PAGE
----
Meditation is the practice of quieting the body and mind
in such a way that we are able to be “present” in the moment. To do this, we sit and focus our minds on one thing-our breath, a mantra, or the sounds in the room. As we do this, our “monkey” mind will intrude and remind us of the bills we have to pay, the way our performance at work tanked this week, the food that’s going bad in the refrigerator- in other words, anything but the present moment. During meditation, we (patiently, without judging ourselves) bring our attention back to our focus. During a ten-minute meditation, this process may happen a hundred times. Meditation practice means accepting that that process is the actual practice. Even if we feel we are doing it wrong, or it feels weird, or we feel restless, continuing to try to focus our minds during meditation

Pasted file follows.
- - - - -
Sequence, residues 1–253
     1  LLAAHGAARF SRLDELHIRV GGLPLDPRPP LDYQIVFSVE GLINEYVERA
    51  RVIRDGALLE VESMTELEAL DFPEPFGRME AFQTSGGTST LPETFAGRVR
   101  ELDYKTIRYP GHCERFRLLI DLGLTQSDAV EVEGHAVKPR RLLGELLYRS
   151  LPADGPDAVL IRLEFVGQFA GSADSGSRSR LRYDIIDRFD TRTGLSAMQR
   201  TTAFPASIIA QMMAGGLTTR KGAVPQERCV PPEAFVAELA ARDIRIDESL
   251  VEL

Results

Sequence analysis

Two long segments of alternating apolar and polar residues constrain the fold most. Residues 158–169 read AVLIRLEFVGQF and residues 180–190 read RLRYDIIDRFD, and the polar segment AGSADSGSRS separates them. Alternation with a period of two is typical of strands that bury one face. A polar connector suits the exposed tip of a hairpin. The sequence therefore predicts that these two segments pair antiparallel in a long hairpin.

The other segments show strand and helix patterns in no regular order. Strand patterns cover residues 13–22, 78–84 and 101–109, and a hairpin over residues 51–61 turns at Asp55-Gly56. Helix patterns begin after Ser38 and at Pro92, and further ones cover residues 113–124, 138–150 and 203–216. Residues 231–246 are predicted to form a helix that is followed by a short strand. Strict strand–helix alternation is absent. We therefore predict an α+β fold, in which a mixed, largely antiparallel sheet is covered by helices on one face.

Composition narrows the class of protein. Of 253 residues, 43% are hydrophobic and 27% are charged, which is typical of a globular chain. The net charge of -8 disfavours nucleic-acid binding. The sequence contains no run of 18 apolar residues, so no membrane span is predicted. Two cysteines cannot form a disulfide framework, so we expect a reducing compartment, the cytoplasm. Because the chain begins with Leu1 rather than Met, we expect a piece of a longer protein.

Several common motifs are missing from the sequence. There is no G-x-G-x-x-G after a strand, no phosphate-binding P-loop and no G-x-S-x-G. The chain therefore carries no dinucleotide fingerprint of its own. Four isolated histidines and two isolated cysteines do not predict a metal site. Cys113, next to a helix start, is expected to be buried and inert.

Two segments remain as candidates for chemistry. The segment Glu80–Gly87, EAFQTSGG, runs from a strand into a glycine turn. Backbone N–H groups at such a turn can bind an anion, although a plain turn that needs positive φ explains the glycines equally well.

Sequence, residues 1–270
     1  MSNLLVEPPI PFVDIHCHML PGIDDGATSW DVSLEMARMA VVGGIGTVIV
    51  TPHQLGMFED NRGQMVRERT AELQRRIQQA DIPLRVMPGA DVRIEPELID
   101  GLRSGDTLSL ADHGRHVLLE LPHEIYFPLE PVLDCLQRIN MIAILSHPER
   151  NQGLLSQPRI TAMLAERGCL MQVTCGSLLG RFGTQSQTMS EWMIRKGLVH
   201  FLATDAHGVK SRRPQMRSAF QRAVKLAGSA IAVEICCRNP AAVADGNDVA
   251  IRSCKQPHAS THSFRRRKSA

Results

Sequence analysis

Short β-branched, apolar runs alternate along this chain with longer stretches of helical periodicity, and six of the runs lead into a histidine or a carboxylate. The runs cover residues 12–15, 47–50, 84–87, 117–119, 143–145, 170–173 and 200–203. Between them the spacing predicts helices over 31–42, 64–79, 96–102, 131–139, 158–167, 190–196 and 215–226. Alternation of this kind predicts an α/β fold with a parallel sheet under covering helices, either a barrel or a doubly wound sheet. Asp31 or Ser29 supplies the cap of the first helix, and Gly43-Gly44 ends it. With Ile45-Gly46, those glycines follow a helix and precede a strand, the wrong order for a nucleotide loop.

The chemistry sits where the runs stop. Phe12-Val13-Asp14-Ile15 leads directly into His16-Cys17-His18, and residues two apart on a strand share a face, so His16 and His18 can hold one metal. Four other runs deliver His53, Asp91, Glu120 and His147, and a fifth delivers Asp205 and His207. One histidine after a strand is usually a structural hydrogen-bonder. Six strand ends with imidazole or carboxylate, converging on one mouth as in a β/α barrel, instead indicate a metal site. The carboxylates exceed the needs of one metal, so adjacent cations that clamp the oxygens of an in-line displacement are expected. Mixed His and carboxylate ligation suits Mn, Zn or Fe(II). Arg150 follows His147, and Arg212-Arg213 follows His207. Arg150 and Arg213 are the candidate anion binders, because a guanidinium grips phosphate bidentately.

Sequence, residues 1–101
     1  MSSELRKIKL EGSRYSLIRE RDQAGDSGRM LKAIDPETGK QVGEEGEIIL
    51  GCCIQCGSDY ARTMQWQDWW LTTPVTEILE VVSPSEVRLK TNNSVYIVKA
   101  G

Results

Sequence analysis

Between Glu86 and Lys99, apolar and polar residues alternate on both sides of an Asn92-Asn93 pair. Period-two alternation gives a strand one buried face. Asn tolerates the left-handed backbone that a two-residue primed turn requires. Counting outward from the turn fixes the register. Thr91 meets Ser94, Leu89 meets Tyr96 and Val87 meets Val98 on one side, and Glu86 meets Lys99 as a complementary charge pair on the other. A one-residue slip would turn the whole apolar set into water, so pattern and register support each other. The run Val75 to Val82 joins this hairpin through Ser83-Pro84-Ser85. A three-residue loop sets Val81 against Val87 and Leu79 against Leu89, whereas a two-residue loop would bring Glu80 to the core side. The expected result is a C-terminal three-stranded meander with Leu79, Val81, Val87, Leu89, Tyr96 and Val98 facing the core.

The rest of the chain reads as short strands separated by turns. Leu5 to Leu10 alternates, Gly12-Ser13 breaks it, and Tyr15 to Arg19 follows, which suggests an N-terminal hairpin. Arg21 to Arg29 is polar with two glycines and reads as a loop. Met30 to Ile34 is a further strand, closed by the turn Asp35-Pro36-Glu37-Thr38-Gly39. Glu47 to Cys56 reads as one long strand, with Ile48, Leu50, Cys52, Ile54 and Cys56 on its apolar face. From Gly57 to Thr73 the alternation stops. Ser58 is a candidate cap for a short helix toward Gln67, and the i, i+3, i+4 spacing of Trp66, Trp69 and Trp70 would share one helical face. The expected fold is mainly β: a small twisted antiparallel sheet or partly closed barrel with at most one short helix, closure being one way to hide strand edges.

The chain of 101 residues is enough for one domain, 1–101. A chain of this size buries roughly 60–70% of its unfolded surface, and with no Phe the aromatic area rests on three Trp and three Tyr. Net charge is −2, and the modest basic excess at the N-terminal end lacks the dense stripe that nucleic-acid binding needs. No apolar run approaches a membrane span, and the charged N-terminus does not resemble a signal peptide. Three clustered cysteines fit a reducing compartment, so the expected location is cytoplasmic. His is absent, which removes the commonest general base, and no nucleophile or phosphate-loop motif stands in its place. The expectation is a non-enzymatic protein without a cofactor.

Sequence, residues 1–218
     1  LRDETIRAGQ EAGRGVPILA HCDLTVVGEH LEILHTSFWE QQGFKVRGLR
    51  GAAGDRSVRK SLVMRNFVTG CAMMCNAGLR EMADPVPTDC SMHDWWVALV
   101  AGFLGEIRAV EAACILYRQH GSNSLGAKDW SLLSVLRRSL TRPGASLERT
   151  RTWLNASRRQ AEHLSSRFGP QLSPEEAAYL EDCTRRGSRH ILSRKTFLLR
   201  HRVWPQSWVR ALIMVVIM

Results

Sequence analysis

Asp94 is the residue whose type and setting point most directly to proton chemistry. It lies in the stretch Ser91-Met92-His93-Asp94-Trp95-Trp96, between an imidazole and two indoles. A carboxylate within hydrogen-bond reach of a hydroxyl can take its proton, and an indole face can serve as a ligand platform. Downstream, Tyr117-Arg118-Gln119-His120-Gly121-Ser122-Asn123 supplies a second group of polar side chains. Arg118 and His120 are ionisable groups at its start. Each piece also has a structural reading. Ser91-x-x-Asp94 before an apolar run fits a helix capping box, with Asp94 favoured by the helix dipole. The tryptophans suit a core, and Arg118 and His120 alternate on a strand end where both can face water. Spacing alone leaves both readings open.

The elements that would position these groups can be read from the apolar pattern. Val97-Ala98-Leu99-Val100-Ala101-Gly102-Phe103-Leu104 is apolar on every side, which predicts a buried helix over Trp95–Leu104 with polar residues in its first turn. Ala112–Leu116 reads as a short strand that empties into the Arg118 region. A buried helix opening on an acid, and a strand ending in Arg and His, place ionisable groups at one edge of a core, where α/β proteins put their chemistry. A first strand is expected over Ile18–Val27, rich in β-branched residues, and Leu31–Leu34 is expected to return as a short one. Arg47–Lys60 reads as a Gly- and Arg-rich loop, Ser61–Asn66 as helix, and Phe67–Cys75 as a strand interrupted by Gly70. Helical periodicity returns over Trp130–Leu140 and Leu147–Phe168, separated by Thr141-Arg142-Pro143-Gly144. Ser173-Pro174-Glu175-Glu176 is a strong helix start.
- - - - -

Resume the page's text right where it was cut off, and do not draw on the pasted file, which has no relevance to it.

practice will allow us to bring that focus, that mindfulness, into our daily lives.
We can think of meditation as the practice sessions and mindfulness as the application of the practice. Meditation is the actual sitting and quieting down part of the equation. Mindfulness is remembering, while we pay our bills or clean out the refrigerator, to interrupt our monkey mind and focus on the present moment.
We learn to say, “Oh, there I am, worrying about tomorrow,” or, “Oh, there’s some doom and gloom,” and let it go. We learn to notice what is present. Maybe we are paying bills while our child practices their clarinet and we notice the sounds. Maybe we are cleaning out the fridge, and instead of worrying about the bills, we notice the fresh fruit we forgot about. Being mindful in these moments allows us to experience the moments of our lives more fully.